Left handers seem to be at twice the risk of developing inflammatory bowel disease, such as Crohn's disease and ulcerative colitis, suggests research in Gut.
The research focused on two national groups of people born in 1958 and 1970 in Great Britain, who were monitored by questionnaire at the ages of 26 and 33. Handedness was determined from hand preference for writing and foot preference for kicking a ball at the age of either 7 or 10.
In total, around 17,000 people were included in the study. Significantly more men than women were left handers, but gender was not itself associated with increased risk of inflammatory bowel disease (IBD). But later birth was, with those born in 1970 more likely to have IBD than those born in 1958.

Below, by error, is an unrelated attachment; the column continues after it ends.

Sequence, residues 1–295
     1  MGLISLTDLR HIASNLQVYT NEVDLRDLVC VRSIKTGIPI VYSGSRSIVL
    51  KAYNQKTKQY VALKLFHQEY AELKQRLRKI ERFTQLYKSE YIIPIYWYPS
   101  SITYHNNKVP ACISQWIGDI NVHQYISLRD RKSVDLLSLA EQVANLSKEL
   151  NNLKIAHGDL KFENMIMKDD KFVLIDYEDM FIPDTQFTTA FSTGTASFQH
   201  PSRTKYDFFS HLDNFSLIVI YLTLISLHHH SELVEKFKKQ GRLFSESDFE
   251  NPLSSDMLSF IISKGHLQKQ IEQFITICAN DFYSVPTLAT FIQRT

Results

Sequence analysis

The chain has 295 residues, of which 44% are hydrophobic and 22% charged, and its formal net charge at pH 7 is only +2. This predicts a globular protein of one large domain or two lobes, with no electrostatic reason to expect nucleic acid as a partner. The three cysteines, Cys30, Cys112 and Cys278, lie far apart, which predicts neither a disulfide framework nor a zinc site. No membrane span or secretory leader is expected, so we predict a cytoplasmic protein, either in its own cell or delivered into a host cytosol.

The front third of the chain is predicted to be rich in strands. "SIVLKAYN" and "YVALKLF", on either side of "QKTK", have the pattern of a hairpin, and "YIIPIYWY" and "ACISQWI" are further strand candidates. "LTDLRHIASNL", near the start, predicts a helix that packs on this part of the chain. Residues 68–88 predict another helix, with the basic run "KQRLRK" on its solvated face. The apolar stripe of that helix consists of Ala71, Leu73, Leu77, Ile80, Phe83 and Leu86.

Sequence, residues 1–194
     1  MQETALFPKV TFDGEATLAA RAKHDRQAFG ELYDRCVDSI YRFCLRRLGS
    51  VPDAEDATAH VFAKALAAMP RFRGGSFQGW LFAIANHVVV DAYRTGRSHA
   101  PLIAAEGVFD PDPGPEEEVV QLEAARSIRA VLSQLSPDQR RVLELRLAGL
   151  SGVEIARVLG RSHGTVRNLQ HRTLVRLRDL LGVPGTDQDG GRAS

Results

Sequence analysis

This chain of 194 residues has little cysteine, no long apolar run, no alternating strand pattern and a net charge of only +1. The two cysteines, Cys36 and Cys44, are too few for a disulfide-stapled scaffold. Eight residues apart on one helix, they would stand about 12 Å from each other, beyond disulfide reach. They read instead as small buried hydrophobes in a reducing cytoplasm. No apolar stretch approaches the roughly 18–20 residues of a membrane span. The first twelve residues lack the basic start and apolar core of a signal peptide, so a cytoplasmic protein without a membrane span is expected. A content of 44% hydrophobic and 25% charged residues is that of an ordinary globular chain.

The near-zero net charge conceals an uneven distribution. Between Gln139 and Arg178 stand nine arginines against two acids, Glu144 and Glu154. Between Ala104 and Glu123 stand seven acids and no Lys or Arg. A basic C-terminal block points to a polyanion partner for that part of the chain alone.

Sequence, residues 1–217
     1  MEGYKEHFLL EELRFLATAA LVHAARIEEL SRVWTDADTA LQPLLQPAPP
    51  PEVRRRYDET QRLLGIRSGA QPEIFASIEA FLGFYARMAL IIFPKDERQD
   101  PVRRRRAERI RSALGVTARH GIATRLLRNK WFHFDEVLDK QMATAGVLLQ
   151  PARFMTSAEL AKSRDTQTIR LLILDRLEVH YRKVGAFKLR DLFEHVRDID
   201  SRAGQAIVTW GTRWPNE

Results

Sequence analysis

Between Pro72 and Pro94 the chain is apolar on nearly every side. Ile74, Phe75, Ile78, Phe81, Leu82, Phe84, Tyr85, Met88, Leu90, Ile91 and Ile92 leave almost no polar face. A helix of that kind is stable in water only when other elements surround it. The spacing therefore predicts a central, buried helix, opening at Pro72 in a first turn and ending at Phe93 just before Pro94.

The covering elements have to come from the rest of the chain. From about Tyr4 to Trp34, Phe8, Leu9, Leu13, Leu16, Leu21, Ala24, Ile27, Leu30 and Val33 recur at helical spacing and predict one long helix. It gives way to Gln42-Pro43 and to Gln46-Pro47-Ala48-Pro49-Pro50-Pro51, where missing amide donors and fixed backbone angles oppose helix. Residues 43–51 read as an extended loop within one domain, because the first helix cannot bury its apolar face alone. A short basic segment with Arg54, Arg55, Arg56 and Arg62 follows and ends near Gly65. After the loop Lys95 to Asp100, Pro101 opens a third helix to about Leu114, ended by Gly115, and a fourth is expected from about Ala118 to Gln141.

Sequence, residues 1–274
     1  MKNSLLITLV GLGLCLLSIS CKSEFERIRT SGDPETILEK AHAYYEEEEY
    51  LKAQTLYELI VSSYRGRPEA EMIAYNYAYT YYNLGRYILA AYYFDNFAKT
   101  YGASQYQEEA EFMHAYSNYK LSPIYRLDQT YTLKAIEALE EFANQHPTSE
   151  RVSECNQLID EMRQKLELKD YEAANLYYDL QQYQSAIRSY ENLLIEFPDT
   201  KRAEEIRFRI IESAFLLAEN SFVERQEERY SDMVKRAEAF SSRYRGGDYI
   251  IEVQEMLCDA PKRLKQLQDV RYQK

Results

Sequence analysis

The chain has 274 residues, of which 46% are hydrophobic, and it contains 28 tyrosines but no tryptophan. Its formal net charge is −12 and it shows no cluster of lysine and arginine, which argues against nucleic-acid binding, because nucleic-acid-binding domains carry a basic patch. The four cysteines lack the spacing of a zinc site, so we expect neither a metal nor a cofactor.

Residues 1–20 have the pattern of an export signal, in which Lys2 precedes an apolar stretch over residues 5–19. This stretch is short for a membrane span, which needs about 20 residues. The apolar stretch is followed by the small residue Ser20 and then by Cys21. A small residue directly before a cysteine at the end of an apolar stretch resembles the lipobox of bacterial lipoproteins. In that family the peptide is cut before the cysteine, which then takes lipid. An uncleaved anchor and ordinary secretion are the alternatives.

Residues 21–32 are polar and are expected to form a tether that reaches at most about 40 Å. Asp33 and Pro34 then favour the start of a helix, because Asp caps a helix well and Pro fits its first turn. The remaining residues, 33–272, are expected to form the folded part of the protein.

Altogether, 71 people had either confirmed Crohn's disease or ulcerative colitis, with left handers more than twice as likely to be affected overall. A similar pattern was found for Crohn's disease and ulcerative colitis when both the diseases were looked at separately.
Left handedness has been linked with various autoimmune diseases, including asthma, migraine, autism, and diabetes, but so far no one has been able to pinpoint why. The authors point to previous research showing a seasonal variation in the birth of left handed girls, which, they say, might implicate some environmental factor. Another somewhat controversial explanation is the amount of testosterone a fetus is exposed to in the womb, which may affect brain and immune system development.
Dr Danielle Morris, Inflammatory Bowel Disease Study Group, Royal Free and
University College Hospital Medical School, London.
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